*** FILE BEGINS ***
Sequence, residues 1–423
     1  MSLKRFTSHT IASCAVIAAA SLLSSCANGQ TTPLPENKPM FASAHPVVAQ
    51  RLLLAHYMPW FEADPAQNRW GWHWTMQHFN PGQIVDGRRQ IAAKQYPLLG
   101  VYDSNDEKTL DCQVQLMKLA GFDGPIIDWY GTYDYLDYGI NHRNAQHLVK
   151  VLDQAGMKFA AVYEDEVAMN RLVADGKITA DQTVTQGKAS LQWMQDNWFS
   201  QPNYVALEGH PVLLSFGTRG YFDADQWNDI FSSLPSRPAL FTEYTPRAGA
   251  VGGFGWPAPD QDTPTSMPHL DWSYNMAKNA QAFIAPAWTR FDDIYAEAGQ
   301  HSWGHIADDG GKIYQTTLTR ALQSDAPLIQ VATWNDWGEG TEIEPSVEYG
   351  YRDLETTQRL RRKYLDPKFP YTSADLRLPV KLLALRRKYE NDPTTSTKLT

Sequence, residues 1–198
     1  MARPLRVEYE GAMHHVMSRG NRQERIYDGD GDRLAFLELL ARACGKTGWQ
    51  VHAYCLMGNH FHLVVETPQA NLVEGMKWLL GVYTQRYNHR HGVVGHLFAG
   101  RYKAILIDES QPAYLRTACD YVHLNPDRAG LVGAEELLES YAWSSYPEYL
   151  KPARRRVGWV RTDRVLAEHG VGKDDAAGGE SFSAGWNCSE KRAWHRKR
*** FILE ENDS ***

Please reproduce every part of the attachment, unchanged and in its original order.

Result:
Sequence, residues 1–423
     1  MSLKRFTSHT IASCAVIAAA SLLSSCANGQ TTPLPENKPM FASAHPVVAQ
    51  RLLLAHYMPW FEADPAQNRW GWHWTMQHFN PGQIVDGRRQ IAAKQYPLLG
   101  VYDSNDEKTL DCQVQLMKLA GFDGPIIDWY GTYDYLDYGI NHRNAQHLVK
   151  VLDQAGMKFA AVYEDEVAMN RLVADGKITA DQTVTQGKAS LQWMQDNWFS
   201  QPNYVALEGH PVLLSFGTRG YFDADQWNDI FSSLPSRPAL FTEYTPRAGA
   251  VGGFGWPAPD QDTPTSMPHL DWSYNMAKNA QAFIAPAWTR FDDIYAEAGQ
   301  HSWGHIADDG GKIYQTTLTR ALQSDAPLIQ VATWNDWGEG TEIEPSVEYG
   351  YRDLETTQRL RRKYLDPKFP YTSADLRLPV KLLALRRKYE NDPTTSTKLT

Sequence, residues 1–198
     1  MARPLRVEYE GAMHHVMSRG NRQERIYDGD GDRLAFLELL ARACGKTGWQ
    51  VHAYCLMGNH FHLVVETPQA NLVEGMKWLL GVYTQRYNHR HGVVGHLFAG
   101  RYKAILIDES QPAYLRTACD YVHLNPDRAG LVGAEELLES YAWSSYPEYL
   151  KPARRRVGWV RTDRVLAEHG VGKDDAAGGE SFSAGWNCSE KRAWHRKR